Researchers at IMM-CNR (Institute for Microelectronics and Microsystems of the National Research Council), in collaboration with the CNRS, the University of Bordeaux and the University of Montpellier, have developed a new graphene production technique that uses degassed water, instead of surfactants to prevent graphene flakes from aggregating.
The new method enables graphene production in a convenient, easy and environmentally friendly way. The technique reportedly yields large amounts of single-layer graphene. The teams started with graphite, exfoliated under inert atmosphere in tetrahydrofuran, an organic solvent. The solution is then oxidized and transferred to degassed water. The absence of gases in the water prevents the single layers of graphene from aggregating and settling at the bottom, leaving the flakes dispersed in the solution.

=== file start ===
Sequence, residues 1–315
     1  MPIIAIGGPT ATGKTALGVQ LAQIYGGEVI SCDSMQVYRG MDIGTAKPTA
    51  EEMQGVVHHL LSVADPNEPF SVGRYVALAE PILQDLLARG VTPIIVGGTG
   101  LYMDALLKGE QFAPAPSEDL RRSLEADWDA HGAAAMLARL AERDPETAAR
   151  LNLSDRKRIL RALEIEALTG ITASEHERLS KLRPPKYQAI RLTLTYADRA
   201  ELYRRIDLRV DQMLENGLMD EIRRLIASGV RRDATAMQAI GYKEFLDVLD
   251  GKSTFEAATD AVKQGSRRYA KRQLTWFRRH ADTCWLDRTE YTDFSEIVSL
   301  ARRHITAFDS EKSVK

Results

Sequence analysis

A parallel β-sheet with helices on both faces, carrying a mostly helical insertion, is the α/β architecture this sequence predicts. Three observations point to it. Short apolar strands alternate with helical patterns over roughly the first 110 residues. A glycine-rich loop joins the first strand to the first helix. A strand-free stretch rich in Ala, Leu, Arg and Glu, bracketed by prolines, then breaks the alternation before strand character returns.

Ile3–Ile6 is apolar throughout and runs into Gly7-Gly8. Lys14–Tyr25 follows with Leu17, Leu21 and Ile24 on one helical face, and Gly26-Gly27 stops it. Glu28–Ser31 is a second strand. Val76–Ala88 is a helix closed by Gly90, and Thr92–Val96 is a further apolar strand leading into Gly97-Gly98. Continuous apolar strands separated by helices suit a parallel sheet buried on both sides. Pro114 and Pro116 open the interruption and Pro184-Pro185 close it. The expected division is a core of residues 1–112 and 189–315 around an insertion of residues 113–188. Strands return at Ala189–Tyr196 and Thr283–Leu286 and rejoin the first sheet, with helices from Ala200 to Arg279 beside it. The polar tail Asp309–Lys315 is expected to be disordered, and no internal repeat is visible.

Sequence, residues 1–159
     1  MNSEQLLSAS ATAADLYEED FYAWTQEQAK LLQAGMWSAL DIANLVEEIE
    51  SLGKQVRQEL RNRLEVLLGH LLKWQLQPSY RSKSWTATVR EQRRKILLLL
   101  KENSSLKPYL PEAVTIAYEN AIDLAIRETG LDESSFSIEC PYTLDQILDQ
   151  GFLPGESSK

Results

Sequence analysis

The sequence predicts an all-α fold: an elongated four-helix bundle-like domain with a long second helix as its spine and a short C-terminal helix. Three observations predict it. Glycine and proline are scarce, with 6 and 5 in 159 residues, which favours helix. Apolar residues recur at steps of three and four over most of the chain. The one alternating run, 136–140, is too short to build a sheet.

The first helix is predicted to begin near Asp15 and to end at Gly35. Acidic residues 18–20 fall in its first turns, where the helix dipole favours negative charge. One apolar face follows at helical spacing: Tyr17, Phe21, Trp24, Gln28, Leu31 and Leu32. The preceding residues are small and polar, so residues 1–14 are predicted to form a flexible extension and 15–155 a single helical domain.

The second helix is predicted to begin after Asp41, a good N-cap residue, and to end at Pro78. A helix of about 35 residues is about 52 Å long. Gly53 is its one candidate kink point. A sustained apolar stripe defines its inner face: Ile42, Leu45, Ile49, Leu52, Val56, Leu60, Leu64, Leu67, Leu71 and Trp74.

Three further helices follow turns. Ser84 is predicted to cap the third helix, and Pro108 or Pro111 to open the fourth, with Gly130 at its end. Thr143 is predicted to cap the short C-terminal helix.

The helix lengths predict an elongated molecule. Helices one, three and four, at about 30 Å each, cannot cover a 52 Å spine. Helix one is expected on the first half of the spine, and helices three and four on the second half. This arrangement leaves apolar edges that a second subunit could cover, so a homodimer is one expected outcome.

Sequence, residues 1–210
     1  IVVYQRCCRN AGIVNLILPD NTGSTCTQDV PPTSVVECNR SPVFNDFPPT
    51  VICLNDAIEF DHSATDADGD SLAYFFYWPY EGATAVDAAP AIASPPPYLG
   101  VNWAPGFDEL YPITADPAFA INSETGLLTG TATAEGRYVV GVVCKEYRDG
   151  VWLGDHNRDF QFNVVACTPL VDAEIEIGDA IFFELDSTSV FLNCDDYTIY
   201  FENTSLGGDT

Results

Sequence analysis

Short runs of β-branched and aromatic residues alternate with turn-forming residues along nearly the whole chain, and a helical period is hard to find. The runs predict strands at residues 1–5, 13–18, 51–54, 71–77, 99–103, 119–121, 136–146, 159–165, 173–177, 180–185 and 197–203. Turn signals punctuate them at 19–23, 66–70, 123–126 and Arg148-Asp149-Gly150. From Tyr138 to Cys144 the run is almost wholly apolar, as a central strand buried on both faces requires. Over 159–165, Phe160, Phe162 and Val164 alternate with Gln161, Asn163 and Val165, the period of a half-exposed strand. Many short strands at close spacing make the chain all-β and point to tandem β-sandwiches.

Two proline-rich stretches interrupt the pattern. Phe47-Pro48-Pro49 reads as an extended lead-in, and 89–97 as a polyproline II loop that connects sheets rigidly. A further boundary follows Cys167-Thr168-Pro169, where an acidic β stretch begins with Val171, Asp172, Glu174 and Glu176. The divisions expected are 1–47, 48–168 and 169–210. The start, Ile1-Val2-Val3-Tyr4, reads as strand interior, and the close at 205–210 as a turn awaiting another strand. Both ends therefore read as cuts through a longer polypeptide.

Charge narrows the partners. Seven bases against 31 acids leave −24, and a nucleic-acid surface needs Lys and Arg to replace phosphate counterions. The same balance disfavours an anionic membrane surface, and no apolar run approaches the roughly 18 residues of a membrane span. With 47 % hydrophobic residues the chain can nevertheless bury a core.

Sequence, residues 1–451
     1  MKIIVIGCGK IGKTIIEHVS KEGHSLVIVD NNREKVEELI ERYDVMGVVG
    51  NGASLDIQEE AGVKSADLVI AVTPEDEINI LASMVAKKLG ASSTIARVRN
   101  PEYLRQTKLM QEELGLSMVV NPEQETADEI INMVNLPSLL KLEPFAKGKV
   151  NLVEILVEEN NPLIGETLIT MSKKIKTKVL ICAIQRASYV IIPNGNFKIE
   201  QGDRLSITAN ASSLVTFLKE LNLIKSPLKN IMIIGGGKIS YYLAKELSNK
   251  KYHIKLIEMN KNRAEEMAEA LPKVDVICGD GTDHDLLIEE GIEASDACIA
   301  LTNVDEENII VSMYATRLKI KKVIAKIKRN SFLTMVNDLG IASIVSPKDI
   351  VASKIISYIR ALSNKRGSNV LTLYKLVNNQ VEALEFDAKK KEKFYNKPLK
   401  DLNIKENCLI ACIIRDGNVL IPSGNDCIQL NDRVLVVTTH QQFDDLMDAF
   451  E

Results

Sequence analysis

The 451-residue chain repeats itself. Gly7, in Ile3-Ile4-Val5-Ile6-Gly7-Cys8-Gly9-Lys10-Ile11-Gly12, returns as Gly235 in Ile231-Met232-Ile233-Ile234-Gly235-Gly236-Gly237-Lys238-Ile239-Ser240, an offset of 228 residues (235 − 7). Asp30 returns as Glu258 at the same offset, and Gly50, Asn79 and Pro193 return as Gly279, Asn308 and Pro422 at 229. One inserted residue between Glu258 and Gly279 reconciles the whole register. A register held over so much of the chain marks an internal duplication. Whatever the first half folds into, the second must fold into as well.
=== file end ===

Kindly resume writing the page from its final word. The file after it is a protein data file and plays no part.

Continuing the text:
The researchers report that the result of this approach is a stable product, completely safe from degradation phenomena associated with other techniques. The researchers observed no evidence of graphene aggregation even after several months of storage at room temperature, as shown by spectroscopy analysis which clearly indicated the persistence of graphene as single layers. One of the advantages of this new method is the excellent ratio between the quality of the product obtained and the amount of resources used to produce it.